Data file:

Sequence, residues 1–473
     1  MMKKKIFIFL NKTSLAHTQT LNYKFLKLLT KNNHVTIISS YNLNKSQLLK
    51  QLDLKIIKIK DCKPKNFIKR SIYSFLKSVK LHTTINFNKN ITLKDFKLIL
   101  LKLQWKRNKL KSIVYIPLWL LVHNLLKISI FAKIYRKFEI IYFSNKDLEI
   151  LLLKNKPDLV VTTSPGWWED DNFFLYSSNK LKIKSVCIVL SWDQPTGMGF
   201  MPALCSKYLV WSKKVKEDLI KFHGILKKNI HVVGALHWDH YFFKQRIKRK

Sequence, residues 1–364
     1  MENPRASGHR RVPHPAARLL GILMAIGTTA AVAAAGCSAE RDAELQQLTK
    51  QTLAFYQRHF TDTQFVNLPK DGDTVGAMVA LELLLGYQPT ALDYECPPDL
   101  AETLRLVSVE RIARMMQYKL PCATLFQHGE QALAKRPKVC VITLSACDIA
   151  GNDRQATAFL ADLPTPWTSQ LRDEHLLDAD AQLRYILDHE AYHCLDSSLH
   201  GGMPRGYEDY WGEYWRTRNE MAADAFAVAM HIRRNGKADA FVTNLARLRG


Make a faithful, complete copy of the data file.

Sequence, residues 1–473
     1  MMKKKIFIFL NKTSLAHTQT LNYKFLKLLT KNNHVTIISS YNLNKSQLLK
    51  QLDLKIIKIK DCKPKNFIKR SIYSFLKSVK LHTTINFNKN ITLKDFKLIL
   101  LKLQWKRNKL KSIVYIPLWL LVHNLLKISI FAKIYRKFEI IYFSNKDLEI
   151  LLLKNKPDLV VTTSPGWWED DNFFLYSSNK LKIKSVCIVL SWDQPTGMGF
   201  MPALCSKYLV WSKKVKEDLI KFHGILKKNI HVVGALHWDH YFFKQRIKRK

Sequence, residues 1–364
     1  MENPRASGHR RVPHPAARLL GILMAIGTTA AVAAAGCSAE RDAELQQLTK
    51  QTLAFYQRHF TDTQFVNLPK DGDTVGAMVA LELLLGYQPT ALDYECPPDL
   101  AETLRLVSVE RIARMMQYKL PCATLFQHGE QALAKRPKVC VITLSACDIA
   151  GNDRQATAFL ADLPTPWTSQ LRDEHLLDAD AQLRYILDHE AYHCLDSSLH
   201  GGMPRGYEDY WGEYWRTRNE MAADAFAVAM HIRRNGKADA FVTNLARLRG